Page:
International mining experts have sent a report to the Government outlining a plan to go further into the Pike River mine where they believe human remains and critical evidence could be found.
An independent advisory group working with the families of the 29 men killed at Pike River in 2010 has just been sent to the Prime Minister, the Pike River Minister, Police, the Department of Labour, and families of the men.
It's estimated to cost up to $8 million and only take 12 weeks to complete.
Tony Forster, New Zealand's former chief mines inspector and the chair of the independent advisory group, says the plan they've come up with is "safe", "technically feasible" and "should have been done years ago".
Since that fateful day 10 years ago, there's been much deliberation, delay, and anger over the Pike River mine.
In February, re-entry teams reached a roof fall comprised of coal in the drift - a significant milestone.
But that's as far as the politicians want to go. The experts, however, say we could and should go further.
"My personal view is this job should have been done years ago. As a mining engineer, I have never understood why so much dithering has been carried out," Forster told Newshub.
The Government chose not to do a study into the possibility of going further - so Forster and his team, working for free, have done it for them.
"People are afraid to give the families an inch, in case they take a mile," Forster said. "Well, why shouldn't they take a mile? Their 29 loved ones are buried in this mine."
There are two roof falls blocking the mine tunnel. The falls are not rocks, as previously thought - but just coal. The plan would be to inject foam resin through holes from the surface to stabilise the two areas.
The main fan, where critical evidence could be found, is just around the corner from the second roof fall.
Mining crews would need to clear the coal from the tunnel. It's estimated both roof falls are 50 metres long.
The advisory group's plan shows steel frames would be inserted every metre along the tunnel to stabilise the roof, allowing access to the area where the main ventilation fan is positioned. It's thought the fan area would hold vital clues as to what happened.
Experts say the plan is both safe and relatively straightforward.
"None of the barriers are really technical," coal methane expert Dr David Creedy said. "The barriers are political and financial."
Steel frames would be inserted every metre to stabilise the roof, providing access to the main fan area - believed to be the site of the first explosion. The fan had been sparking prior to the blast.
Investigators for the family now believe a brass plate was removed from the fan in an attempt to fix it.
That could have allowed explosive gases to pass over the fan's unprotected electrics or arching could have happened inside the fan.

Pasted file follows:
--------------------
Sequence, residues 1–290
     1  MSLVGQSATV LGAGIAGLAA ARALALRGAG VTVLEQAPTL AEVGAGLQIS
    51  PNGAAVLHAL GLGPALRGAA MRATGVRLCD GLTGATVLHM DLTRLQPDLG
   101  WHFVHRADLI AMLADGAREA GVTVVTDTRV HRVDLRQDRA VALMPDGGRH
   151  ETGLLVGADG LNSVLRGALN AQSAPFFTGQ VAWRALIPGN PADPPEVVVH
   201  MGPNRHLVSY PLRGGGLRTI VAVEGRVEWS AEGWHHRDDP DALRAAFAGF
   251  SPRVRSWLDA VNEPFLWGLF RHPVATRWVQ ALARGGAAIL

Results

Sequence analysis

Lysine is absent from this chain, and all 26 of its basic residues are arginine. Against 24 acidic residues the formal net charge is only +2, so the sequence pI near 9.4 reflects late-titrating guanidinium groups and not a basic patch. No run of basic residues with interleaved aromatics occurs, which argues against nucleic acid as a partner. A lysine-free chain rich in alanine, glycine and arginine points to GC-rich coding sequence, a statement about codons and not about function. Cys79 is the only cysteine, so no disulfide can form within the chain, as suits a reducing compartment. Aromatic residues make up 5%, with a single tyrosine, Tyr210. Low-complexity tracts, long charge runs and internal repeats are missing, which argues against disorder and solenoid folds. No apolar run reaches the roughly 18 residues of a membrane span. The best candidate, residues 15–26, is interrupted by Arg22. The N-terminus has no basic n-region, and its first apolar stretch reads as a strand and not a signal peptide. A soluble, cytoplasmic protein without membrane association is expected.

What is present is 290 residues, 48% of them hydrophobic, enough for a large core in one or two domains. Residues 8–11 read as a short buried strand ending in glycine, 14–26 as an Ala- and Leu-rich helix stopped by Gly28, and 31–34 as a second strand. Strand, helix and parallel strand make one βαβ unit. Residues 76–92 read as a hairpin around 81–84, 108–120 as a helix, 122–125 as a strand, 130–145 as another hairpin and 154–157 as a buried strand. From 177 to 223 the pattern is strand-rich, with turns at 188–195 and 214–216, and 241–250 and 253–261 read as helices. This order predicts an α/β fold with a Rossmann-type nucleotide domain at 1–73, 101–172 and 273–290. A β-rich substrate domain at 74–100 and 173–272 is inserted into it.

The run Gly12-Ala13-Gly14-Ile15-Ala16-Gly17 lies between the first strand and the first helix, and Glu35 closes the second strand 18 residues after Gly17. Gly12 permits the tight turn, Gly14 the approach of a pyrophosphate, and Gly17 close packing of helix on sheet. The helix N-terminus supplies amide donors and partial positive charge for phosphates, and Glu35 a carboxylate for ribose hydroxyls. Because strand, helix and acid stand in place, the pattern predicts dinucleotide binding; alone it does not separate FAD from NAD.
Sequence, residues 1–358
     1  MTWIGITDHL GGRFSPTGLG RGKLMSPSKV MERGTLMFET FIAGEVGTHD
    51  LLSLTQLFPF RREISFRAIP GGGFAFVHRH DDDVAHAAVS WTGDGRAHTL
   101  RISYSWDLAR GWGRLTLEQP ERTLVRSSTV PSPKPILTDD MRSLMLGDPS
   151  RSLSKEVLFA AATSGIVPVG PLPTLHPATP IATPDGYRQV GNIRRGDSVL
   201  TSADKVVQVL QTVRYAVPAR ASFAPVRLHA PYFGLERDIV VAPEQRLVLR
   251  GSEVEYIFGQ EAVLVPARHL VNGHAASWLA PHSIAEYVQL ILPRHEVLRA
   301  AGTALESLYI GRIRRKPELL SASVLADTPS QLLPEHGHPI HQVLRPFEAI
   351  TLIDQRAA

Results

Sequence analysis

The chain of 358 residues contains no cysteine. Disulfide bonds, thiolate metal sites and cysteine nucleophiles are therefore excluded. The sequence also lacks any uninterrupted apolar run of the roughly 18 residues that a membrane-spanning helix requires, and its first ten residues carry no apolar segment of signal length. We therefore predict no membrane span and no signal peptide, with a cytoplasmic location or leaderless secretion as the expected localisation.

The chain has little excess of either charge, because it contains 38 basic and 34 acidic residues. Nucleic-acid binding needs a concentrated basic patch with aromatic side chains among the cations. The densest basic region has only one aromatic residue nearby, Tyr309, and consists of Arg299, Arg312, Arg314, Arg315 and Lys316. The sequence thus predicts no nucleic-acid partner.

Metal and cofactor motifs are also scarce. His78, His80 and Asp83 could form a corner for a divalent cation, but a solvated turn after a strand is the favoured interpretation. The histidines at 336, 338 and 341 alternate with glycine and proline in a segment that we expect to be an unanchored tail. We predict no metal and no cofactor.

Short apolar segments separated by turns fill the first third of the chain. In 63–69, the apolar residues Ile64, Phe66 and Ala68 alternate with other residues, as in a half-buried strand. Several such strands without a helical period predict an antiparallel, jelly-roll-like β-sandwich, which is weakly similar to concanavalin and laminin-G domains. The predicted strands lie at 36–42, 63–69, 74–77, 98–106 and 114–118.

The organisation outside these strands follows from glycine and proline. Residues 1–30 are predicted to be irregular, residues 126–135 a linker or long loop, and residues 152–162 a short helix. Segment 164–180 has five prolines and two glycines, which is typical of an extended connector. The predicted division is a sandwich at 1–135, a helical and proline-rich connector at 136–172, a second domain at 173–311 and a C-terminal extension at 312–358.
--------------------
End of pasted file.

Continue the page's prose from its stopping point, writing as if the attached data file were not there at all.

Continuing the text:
"My question would be; 'why wouldn't you want to look at that area? Why wouldn't you want to physically get to that area so you could carry out the necessary forensic testing?'" Forster asked.
Parts of the fan - a control panel which went missing and a circuit board part were also lost, and a huge bit of the fan's covering were all blown from the area.
"If we don't get to that underground fan, no one involved in the manslaughter of 29 men will ever end up in a court of law," said Dean Dunbar, whose son Joseph was killed in the explosion. "That's my opinion."
According to the families' experts, reaching the fan area could also lead to the discovery of human remains.
"We owe that both to them and to their families - to bring them to the surface just as a casualty on the battlefield is brought back for a decent burial," Dr Creedy said.
In total, $50 million has been spent on the drift recovery but $8 million more could provide the answers and accountability that have eluded everyone for so many years.
Police said their criminal investigation is ongoing and confirmed to Newshub they plan to drill six boreholes at the mine to enable digital scanning and photography inside the mine. This will cost an estimated $3 million and "this cost will be met within the existing police budget".
Forster said he supports the work police are doing but emphasised that drilling boreholes will not allow police to recover any physical evidence. Police agreed they won't be able to take items of interest out of the mine.
Forster was particularly worried drilling a borehole into the fan area could itself cause a roof fall.
He said this "was possibly the worst place to drill" as it was an area he and others say the vital evidence may exist.